13. Currently, 47 CFR 43.61 requires that all international telecommunications carriers file an annual report of their traffic and revenues. Under 47 CFR 43.82, facilities-based common carriers Start Printed Page 42570providing international telecommunications services must file an annual report on the status of their circuits. The information derived from the international revenue and traffic report and circuit-status report is critical in understanding the international telecommunications market. These reports are the only source of publicly available information of this nature.

14. The information obtained from the traffic and revenue and circuit-status reports is used extensively by the Commission, the industry, other government agencies, and the public. The Commission uses the information to evaluate applications for international facilities, track market developments and the competitiveness of each service and geographical market to formulate rules and policies consistent with the public interest, monitor compliance with those rules and policies, and guard the competitive effect of its decisions on the market. Carriers use the information to track the balance of payments in international communications services and for market analysis purposes. Carriers and potential entrants use the information for, among other things, assessment of market opportunities and to monitor competition in markets. The Commission, along with other government agencies such as the Department of Justice and the United States Trade Representative, use the information in merger analyses and negotiations with foreign countries, respectively. In addition, the information contained in the circuit-status report allows the Commission to comply with the statutory requirements of the Omnibus Budget Reconciliation Act of 1993.

B. Summary of Significant Issues Raised by Public Comments in Response to the IRFA

15. No comments specifically addressed the IRFA.

C. Description and Estimate of the Number of Small Entities to Which the Rules Will Apply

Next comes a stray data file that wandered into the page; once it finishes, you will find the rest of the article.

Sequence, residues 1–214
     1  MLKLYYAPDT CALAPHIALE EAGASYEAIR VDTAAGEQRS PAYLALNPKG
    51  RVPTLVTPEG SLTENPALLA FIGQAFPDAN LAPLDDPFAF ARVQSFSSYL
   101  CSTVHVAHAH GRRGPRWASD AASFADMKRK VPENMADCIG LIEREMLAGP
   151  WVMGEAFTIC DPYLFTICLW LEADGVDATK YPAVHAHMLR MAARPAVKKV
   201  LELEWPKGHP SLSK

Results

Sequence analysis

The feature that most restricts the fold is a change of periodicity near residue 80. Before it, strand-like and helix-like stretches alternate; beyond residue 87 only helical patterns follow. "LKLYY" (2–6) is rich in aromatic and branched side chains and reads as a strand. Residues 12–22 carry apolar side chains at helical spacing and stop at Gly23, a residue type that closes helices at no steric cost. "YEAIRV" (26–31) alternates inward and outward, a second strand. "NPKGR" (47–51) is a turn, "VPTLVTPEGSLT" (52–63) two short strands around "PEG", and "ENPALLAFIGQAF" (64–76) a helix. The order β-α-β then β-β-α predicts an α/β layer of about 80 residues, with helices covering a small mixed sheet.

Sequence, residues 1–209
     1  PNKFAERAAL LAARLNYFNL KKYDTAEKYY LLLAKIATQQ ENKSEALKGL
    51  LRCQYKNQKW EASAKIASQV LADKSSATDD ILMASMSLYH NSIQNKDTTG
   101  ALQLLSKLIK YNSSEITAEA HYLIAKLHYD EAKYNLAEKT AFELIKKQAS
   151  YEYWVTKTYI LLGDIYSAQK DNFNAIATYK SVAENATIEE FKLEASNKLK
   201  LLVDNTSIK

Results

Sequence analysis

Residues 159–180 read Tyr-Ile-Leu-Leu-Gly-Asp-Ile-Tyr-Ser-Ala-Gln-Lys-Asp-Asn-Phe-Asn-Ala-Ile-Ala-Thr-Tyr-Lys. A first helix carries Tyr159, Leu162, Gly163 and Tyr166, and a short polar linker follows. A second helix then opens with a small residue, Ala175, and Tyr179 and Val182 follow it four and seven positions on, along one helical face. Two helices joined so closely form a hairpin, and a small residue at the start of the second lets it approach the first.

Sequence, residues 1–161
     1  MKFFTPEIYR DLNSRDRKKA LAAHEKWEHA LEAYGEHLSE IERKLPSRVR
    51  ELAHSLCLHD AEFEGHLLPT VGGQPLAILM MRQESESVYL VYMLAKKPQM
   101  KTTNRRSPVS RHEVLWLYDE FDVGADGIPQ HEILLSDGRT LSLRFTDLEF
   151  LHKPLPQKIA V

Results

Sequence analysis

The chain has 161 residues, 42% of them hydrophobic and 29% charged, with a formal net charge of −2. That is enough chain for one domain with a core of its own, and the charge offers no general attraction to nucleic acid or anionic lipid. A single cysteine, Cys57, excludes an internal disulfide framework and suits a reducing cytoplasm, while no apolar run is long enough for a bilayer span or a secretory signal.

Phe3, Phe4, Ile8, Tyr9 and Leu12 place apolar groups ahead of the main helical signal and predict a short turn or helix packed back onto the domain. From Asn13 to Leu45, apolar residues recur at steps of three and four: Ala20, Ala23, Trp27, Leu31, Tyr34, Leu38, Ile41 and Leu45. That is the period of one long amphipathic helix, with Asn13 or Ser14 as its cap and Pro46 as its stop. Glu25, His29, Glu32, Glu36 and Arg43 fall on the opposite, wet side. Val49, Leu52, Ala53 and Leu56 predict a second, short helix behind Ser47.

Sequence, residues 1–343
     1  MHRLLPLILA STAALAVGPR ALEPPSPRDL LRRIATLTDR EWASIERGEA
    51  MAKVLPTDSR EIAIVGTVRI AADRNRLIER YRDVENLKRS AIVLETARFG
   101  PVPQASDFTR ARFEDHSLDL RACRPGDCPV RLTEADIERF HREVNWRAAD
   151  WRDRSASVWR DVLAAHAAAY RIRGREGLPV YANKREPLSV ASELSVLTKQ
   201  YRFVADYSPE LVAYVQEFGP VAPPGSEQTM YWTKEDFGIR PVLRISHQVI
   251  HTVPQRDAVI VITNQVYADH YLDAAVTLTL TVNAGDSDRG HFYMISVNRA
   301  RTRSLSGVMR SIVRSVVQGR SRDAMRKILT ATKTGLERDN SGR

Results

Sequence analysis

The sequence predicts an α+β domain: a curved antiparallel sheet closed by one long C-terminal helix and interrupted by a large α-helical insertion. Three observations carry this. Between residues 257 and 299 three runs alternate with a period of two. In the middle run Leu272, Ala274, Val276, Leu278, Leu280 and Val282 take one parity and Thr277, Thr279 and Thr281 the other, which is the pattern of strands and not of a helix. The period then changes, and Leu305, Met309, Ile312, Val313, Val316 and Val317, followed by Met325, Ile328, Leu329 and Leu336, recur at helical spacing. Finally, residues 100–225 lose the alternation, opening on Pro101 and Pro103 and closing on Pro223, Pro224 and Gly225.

16. The RFA directs agencies to provide a description of, and, where feasible, an estimate of the number of small entities that may be affected by the rules adopted herein.[1] The RFA generally defines the term “small entity” as having the same meaning as the terms “small business,” “small organization,” and “small governmental jurisdiction.” [2] In addition, the term “small business” has the same meaning as the term “small business concern” under the Small Business Act.[3] A small business concern is one that: (1) Is independently owned and operated; (2) is not dominant in its field of operation; and (3) satisfies any additional criteria established by the Small Business Administration (SBA).[4]

17. The policies adopted in the FR&O apply to entities providing international common carrier services pursuant to section 214 of the Communications Act; entities providing international wireless common carrier services under section 309 of the Act; entities providing common carrier satellite services under section 309 of the Act; and entities licensed to construct and operate submarine cables under the Cable Landing License Act. The Commission has not developed a small business size standard directed specifically toward these entities. As described below, such entities fit within larger categories for which the SBA has developed size standards.

1. Traffic and Revenue Report